Attentive Feeder reader Mari Metcalf of Kensington wrote in not long ago asking about oddly placed signs warning Berkeley motorists about photo-enforced traffic lights. Thing is, these signs are posted in residential areas one on the Arlington, another on Colusa Avenue miles from the nearest such traffic lights, thereby sullying the area's otherwise pretty streetscapes, Metcalf groused.
State law requires cities to post the warning signs, but lets them choose between two locations: near the intersections, visible from all approaching directions as Emeryville has them or at all major entrances to the city, where Berkeley puts its signs sort of.
Emeryville City Manager John Flores says city leaders chose to put the signs at the intersections because they felt it gave drivers the fairest warning. So why did Berkeley post them at its borders instead? Interestingly enough, Berkeley's supervising traffic engineer Hamid Mostowfi says city staffers also thought that would provide drivers with the best warning.
Feeder dutifully reported Mostowfi's explanation to Metcalf. The Kensington attorney found it less than persuasive: "When I leave Kensington and see the 'PHOTO ENFORCED' sign as I am winding down the Arlington, all I think to myself is, 'Why put such an ugly sign right there, where it assaults me visually and ruins the charm of the road?'" she says. "I am not thinking to myself 'Oh, yeah, if and when I hit the intersection of [Sixth] and University, which is over three miles from here, I'd better remember to resist the temptation to run the red light, because there are cameras there.'"
And while there's a warning sign on residential Arlington, there is no such sign on Seventh Street one of the town's main traffic arteries where drivers enter Berkeley from Emeryville. A cynic might conclude that's because Berkeley really doesn't want to warn drivers about the photo-enforced lights, but would rather nab them running the lights in order to boost city revenues.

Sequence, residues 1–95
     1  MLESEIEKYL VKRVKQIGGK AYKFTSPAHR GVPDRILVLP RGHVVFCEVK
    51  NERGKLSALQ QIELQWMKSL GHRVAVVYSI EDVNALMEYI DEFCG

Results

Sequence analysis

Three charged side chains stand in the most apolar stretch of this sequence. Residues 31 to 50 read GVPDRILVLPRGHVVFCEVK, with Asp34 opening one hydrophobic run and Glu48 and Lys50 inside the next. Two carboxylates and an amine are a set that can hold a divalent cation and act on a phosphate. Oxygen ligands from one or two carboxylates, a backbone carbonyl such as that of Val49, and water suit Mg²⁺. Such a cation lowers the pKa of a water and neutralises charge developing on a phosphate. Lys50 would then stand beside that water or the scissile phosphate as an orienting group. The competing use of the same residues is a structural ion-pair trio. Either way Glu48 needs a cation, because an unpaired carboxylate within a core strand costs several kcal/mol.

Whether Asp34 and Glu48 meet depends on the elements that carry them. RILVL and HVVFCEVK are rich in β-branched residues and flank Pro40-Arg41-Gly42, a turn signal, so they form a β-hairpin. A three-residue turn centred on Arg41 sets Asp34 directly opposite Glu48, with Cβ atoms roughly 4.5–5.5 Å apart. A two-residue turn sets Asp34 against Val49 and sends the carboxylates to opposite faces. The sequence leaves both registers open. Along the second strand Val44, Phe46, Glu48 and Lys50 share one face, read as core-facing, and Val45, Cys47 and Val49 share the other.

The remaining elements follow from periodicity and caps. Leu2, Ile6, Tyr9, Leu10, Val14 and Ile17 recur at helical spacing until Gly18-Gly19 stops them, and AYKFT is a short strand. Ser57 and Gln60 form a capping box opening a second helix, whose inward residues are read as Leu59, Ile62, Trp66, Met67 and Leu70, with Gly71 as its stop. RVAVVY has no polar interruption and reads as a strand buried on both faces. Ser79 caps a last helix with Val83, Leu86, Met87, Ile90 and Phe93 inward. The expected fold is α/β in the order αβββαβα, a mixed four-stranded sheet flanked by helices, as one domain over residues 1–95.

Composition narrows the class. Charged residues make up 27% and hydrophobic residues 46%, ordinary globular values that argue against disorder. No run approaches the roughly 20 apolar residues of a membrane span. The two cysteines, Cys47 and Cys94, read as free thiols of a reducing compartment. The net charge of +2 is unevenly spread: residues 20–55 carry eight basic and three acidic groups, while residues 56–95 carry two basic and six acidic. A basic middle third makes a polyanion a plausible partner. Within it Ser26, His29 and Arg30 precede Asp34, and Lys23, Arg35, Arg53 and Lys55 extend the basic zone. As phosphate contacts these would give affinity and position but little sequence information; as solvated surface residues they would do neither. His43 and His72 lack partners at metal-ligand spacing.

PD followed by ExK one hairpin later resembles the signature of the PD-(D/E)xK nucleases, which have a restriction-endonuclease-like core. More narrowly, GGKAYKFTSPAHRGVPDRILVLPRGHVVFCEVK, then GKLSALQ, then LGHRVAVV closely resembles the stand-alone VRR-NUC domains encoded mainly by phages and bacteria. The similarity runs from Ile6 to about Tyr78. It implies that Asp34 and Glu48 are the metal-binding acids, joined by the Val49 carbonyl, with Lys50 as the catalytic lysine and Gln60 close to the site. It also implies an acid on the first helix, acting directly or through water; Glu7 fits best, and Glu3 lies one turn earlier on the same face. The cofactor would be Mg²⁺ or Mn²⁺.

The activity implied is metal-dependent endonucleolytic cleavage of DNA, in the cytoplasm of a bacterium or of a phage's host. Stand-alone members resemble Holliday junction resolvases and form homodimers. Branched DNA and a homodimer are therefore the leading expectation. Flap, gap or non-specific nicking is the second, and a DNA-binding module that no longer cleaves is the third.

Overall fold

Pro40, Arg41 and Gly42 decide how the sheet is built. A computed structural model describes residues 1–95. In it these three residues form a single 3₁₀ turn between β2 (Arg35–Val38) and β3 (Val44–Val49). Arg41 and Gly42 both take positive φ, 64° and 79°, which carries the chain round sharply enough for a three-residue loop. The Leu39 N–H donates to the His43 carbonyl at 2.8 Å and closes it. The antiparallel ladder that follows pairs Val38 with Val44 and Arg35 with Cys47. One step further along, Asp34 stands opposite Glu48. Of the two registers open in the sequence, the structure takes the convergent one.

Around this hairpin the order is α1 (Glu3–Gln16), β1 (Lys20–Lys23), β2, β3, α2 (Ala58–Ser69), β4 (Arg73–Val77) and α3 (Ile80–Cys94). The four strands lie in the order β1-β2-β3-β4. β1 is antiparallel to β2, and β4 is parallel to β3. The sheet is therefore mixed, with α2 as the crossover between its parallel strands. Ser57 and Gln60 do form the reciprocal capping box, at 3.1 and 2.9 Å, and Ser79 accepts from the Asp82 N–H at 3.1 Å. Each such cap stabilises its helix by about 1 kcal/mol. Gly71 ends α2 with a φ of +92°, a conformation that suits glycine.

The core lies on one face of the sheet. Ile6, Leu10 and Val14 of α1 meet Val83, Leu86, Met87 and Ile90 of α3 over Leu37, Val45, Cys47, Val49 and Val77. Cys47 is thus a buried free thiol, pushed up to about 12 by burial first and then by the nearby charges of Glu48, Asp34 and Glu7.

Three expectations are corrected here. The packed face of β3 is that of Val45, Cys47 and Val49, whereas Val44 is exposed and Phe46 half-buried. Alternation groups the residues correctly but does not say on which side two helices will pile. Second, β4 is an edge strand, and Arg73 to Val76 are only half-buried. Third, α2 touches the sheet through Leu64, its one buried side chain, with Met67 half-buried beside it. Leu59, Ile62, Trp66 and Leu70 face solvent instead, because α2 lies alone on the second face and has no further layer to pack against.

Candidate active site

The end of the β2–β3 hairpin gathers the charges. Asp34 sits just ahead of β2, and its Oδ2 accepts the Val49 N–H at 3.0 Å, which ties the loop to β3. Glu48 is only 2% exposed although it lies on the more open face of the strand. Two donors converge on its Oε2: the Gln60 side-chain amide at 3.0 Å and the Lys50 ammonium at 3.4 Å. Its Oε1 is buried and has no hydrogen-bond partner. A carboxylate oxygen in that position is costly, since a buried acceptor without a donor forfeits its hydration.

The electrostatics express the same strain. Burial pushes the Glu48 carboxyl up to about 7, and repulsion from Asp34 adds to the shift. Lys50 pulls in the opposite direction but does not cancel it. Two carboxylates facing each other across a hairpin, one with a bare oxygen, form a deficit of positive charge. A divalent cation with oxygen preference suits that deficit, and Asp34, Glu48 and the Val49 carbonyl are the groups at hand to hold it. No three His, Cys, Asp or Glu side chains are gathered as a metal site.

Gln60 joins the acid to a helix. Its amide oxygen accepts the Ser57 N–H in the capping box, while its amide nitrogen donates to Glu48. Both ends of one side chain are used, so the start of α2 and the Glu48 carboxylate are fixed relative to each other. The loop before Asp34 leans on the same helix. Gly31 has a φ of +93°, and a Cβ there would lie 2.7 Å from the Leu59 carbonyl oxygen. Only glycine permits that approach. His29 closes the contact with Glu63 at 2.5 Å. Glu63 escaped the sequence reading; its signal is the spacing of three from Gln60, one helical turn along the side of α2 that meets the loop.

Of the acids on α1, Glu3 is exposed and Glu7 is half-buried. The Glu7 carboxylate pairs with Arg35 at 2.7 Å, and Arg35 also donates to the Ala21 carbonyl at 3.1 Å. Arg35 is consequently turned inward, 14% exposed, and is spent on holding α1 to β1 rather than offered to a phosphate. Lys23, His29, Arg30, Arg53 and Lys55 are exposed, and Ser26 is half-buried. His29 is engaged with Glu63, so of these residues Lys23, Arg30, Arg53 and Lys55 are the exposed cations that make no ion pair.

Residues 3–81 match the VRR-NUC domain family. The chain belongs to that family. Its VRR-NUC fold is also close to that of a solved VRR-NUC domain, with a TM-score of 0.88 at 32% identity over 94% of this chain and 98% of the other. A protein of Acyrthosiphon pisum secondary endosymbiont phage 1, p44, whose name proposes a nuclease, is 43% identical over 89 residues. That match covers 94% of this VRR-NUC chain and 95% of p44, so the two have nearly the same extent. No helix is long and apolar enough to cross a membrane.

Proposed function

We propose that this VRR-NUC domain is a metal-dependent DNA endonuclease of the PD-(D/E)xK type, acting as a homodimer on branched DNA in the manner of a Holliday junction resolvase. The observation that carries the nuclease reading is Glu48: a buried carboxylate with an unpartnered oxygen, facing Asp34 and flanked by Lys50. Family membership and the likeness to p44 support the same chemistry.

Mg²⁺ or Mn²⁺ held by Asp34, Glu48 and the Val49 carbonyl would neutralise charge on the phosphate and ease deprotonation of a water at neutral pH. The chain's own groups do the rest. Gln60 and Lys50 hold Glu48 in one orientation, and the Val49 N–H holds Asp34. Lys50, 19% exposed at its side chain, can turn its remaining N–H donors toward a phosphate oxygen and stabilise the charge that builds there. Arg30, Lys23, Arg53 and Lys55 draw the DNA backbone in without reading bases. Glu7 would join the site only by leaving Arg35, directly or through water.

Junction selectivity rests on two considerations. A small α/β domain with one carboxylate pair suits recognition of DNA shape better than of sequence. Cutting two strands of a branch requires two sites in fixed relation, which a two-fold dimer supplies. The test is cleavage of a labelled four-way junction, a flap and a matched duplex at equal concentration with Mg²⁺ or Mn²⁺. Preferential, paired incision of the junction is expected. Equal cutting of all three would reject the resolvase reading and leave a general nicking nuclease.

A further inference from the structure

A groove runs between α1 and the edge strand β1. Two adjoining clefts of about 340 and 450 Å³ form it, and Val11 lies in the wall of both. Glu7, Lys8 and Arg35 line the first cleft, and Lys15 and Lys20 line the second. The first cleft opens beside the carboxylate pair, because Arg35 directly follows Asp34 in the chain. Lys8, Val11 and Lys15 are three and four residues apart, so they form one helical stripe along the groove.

The cool thing about working in the media is that we get to confront ethical dilemmas on a daily basis. Do we show Tara Reid's nipple or pixelate it? Should we name the woman who has sex with her German shepherd?
When President George Bush dropped the S-bomb at the G8 summit last week talking to British Prime Minister Tony Blair, he spurred debate in newsrooms across America as to whether the media should print or broadcast the four-letter word uncensored. The New York Times and The Washington Post chose to print the cuss word. CNN aired the snippet uncensored, reasoning that it "was reflective of how these two world leaders talk with each other."
The day after W's curse, though, none of the Bay Area's major dailies printed the whole word, including our paper of record, the West Bay Chronicle. In general, the Chron's policy is not to use or quote profanity. But in this case deputy editor Narda Zacchino wanted to print the word since it wasn't just anybody cussing, but the leader of the free world. The big boss, executive editor Phil Bronstein, overruled her, however. He argued that adults could figure out what Bush said from the context without printing the obscenity. The next day, the paper printed "s---."
Well, at least give the Chron credit for not resorting to the ol' [expletive deleted]. I mean, jeez! Expletive deleted? What the f--- is that?
Seven Days - March 29, 11:57 AM